“You shove right in dah jist a few steps, Mars Jawge; dah’s whah dey is. I’s seed ’m befo’; I don’t k’yer to see ’em no mo’.” “Go right in there just a few feet, Master George. That’s where they are. I’ve seen them before, and I don’t care to see them anymore.”
Then he slopped right along and went away, and pretty soon the trees hid him. I poked into the place a-ways and come to a little open patch as big as a bedroom all hung around with vines, and found a man laying there asleep—and, by jings, it was my old Jim! Then he started walking away, and pretty soon he disappeared into the trees. I headed in the direction he’d pointed until I came to an open space about the size of a bedroom. It was draped with hanging vines and there was a man lying there fast asleep. By golly, it was my old Jim!”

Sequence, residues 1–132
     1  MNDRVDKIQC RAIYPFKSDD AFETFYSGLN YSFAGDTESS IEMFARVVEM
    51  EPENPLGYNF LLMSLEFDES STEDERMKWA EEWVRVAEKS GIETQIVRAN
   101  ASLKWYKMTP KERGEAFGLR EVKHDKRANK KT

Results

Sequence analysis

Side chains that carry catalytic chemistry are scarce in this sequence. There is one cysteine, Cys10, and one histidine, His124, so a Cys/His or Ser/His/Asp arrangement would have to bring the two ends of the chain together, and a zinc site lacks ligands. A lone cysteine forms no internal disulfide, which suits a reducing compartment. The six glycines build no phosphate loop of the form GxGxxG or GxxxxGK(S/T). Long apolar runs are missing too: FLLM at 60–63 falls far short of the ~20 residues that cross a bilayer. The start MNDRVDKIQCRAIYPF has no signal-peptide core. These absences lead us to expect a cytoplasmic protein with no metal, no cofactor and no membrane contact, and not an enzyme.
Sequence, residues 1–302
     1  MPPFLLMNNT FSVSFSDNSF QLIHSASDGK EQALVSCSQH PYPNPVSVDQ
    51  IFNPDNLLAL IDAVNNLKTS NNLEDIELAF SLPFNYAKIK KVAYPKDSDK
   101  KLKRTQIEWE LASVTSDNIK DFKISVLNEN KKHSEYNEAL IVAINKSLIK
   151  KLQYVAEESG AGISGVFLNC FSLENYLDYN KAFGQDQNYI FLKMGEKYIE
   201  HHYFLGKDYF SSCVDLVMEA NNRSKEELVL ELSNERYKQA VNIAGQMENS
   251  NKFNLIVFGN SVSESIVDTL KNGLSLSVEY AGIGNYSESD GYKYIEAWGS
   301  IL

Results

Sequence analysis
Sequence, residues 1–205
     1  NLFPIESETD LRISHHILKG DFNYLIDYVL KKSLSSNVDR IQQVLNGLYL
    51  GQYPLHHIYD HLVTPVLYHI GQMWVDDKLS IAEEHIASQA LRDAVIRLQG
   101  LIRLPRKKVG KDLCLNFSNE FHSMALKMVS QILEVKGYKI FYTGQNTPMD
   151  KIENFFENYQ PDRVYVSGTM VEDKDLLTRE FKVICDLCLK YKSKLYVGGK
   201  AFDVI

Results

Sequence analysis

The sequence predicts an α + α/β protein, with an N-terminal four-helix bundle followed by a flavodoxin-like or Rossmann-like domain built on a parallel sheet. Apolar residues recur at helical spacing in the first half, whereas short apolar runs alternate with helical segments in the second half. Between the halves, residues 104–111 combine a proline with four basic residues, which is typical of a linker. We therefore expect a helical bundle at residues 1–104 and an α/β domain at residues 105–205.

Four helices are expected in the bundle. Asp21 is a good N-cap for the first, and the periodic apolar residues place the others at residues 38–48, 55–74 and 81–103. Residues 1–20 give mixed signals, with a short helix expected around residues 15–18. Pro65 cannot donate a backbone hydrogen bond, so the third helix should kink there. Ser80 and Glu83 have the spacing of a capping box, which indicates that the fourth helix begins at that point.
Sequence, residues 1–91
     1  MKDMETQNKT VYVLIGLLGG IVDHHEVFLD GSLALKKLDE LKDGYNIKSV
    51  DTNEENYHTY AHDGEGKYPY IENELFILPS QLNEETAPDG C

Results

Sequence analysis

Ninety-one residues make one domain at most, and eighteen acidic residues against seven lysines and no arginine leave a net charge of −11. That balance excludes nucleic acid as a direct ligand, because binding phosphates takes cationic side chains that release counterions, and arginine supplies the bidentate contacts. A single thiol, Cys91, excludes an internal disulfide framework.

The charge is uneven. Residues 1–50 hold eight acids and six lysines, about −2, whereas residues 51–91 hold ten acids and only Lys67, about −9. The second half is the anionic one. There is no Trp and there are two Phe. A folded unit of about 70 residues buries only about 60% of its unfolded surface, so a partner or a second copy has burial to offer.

I waked him up, and I reckoned it was going to be a grand surprise to him to see me again, but it warn’t. He nearly cried he was so glad, but he warn’t surprised. Said he swum along behind me that night, and heard me yell every time, but dasn’t answer, because he didn’t want nobody to pick HIM up and take him into slavery again. Says he: I woke him up. I imagined he was going to be really surprised to see me again, but he wasn’t. He was so glad that he nearly cried, but he wasn’t surprised. He said he’d swum along behind me the night the boat hit us. He heard me yelling, but he didn’t answer because he didn’t want anyone to catch HIM and reenslave him. He said: